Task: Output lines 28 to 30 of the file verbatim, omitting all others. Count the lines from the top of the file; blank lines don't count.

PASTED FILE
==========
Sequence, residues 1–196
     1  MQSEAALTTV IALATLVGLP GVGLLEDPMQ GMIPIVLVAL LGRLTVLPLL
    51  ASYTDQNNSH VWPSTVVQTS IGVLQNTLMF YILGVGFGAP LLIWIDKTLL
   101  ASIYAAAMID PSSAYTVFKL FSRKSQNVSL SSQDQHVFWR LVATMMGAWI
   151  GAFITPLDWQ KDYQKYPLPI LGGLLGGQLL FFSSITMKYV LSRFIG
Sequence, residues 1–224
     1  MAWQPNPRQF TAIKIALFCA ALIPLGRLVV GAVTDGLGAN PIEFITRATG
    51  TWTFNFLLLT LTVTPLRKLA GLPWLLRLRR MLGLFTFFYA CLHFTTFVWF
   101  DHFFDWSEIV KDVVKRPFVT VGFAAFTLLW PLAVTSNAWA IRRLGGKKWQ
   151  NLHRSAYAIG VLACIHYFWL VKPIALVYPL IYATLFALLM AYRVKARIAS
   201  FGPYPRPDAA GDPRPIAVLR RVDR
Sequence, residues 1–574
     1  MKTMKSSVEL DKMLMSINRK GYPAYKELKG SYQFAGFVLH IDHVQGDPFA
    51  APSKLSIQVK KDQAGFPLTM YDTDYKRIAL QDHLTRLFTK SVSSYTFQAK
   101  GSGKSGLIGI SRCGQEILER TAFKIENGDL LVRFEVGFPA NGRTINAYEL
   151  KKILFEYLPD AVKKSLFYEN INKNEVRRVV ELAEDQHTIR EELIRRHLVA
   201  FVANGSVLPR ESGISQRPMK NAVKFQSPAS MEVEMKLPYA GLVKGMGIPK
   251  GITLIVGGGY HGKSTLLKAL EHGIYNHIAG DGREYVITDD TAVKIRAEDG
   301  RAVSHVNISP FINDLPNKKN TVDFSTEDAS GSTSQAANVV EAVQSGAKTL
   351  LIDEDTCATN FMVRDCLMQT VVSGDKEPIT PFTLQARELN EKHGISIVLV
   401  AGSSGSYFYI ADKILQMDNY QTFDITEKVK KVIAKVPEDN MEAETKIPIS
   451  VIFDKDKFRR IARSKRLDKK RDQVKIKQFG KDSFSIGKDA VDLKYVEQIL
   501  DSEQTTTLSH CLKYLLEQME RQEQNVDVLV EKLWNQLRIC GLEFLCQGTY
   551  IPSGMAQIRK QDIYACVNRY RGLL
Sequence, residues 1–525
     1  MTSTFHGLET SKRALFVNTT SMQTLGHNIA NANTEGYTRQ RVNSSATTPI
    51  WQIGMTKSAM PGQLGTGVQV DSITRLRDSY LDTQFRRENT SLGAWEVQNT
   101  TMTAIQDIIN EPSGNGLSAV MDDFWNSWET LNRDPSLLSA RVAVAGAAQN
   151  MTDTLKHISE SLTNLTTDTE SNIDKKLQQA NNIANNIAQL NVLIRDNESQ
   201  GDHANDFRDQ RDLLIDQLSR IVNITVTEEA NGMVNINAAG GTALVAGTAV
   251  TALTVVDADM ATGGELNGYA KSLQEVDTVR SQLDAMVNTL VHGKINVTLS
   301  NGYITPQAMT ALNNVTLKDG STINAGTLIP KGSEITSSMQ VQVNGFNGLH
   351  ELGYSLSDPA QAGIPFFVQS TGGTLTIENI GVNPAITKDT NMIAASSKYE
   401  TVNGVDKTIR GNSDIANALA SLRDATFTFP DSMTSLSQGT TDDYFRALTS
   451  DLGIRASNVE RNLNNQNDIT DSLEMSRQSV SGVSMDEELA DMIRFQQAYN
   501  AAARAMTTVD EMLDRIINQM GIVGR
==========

   101  TMTAIQDIIN EPSGNGLSAV MDDFWNSWET LNRDPSLLSA RVAVAGAAQN
   151  MTDTLKHISE SLTNLTTDTE SNIDKKLQQA NNIANNIAQL NVLIRDNESQ
   201  GDHANDFRDQ RDLLIDQLSR IVNITVTEEA NGMVNINAAG GTALVAGTAV